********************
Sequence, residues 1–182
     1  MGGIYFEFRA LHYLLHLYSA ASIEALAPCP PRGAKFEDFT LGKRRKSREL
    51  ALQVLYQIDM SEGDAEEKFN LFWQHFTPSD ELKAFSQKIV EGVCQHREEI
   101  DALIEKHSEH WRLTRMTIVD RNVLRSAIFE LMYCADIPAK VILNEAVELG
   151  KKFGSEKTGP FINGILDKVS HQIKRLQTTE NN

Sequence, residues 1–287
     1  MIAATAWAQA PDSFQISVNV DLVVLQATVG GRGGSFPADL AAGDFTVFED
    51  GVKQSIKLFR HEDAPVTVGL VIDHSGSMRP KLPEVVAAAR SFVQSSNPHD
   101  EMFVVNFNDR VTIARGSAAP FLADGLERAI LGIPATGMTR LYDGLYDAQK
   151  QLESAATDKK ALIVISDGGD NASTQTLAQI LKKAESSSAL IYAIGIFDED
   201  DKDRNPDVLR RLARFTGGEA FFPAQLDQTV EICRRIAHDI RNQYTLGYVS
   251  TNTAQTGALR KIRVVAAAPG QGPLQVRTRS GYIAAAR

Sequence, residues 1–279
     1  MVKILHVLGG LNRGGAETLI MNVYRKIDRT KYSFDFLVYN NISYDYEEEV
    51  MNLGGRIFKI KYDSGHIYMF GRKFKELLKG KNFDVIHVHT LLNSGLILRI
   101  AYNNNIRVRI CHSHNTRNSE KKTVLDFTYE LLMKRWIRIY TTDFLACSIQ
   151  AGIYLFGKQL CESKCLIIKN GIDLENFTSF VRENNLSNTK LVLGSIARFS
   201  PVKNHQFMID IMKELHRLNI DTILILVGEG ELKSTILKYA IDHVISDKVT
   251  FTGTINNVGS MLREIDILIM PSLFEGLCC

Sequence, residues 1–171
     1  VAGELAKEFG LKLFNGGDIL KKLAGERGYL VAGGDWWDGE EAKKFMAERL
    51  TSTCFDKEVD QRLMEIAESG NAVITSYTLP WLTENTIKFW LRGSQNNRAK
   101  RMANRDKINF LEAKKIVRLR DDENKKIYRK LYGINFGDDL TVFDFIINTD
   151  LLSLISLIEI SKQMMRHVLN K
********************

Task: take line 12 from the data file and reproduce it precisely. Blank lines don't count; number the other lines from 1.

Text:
   251  TNTAQTGALR KIRVVAAAPG QGPLQVRTRS GYIAAAR